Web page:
Trust in these types of systems, or lack thereof, is expected to be a key driver of how quickly the technology is adopted.
“One of the problems we have in robotics right now … is the fact that we can’t have assured control,” Nuckols said. “Until we have that assured control of these autonomous/semi-autonomous tele-operated systems, we’re going to be hesitant to replace any of our current formation capability with a robotic platform.”
Nevertheless, Bonner believes the introduction of more and more automation is inevitable as the Army and society become increasingly comfortable with the technology. He used an auto industry analogy to explain how he sees the process playing out.
“They didn’t put out full self-driving cars in the beginning,” he said. “They put out operator aids and other portions of technologies like automated breaking or land departure warning and things like that before the whole self-driving thing even became a discussion point. And I expect that this will happen here as well.”
Missions such as route clearance, site security and breaching operations will be easier to automate in the near term. But more work needs to be done to enable unmanned ground combat systems to operate in environments that are more dynamic and unpredictable, Bonner said.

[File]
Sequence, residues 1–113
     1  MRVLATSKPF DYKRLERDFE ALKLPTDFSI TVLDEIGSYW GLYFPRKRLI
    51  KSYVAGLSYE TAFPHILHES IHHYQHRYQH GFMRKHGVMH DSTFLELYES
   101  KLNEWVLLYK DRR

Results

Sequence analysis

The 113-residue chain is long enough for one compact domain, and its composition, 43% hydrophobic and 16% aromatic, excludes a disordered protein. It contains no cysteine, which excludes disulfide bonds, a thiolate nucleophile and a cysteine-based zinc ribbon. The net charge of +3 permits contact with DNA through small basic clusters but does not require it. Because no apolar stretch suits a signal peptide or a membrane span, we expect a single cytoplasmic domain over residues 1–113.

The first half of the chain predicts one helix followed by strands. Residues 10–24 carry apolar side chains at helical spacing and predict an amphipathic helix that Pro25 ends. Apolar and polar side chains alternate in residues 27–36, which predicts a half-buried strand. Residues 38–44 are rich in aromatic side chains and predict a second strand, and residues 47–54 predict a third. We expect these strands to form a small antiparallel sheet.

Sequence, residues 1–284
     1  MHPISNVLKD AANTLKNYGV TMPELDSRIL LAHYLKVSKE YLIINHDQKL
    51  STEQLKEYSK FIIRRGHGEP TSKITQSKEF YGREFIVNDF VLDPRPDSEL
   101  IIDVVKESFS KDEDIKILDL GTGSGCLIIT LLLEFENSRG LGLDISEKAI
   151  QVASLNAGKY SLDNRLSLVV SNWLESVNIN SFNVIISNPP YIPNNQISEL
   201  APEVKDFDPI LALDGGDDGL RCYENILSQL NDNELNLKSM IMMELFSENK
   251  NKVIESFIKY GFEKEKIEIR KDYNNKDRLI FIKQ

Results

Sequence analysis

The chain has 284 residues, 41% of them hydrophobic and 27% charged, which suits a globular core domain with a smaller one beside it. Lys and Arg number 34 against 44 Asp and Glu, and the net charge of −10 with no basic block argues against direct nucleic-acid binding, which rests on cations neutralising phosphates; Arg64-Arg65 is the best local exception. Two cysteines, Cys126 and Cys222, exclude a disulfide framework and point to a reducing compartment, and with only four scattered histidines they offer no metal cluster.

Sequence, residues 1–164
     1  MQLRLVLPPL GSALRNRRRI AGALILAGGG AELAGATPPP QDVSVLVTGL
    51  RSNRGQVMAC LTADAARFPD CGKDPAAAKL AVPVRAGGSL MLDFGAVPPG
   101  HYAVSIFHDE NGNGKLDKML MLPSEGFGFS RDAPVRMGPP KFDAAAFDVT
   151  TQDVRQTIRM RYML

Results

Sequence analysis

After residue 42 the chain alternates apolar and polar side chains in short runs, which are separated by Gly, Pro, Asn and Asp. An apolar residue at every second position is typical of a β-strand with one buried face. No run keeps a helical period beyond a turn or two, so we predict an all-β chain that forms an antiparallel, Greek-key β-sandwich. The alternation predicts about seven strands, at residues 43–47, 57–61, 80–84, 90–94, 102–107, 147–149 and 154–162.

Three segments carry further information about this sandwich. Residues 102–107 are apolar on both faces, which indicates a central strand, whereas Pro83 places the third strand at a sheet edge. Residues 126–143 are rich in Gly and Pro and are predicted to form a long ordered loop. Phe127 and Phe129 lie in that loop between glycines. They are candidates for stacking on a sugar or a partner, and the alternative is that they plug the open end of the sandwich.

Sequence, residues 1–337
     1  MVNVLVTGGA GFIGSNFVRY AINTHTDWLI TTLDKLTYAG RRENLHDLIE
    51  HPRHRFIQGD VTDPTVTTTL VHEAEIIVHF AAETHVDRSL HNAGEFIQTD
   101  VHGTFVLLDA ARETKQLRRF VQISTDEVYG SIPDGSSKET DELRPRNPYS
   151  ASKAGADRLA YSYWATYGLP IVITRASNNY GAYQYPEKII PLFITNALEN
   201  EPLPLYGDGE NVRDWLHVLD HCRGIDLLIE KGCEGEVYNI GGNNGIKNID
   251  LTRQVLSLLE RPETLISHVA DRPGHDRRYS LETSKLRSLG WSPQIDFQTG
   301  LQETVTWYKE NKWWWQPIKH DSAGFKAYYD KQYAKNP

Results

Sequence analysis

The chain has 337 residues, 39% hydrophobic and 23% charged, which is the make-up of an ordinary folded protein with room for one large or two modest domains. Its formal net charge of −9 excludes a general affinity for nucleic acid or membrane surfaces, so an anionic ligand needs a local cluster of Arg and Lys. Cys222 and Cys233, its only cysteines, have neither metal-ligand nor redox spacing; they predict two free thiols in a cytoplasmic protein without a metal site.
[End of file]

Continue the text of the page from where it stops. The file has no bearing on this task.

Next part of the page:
“That’s where the artificial intelligence part of it would come into play in the future,” he said.
General Dynamics is working on AI and deep learning technologies as part of the robotics collaborative technology alliance program sponsored by the Army Research Laboratory.
Improvements in these areas are paving the way for advancements that could lead to autonomous or semi-autonomous ground combat vehicles roaming the battlefields and using lethal force, Bonner predicted.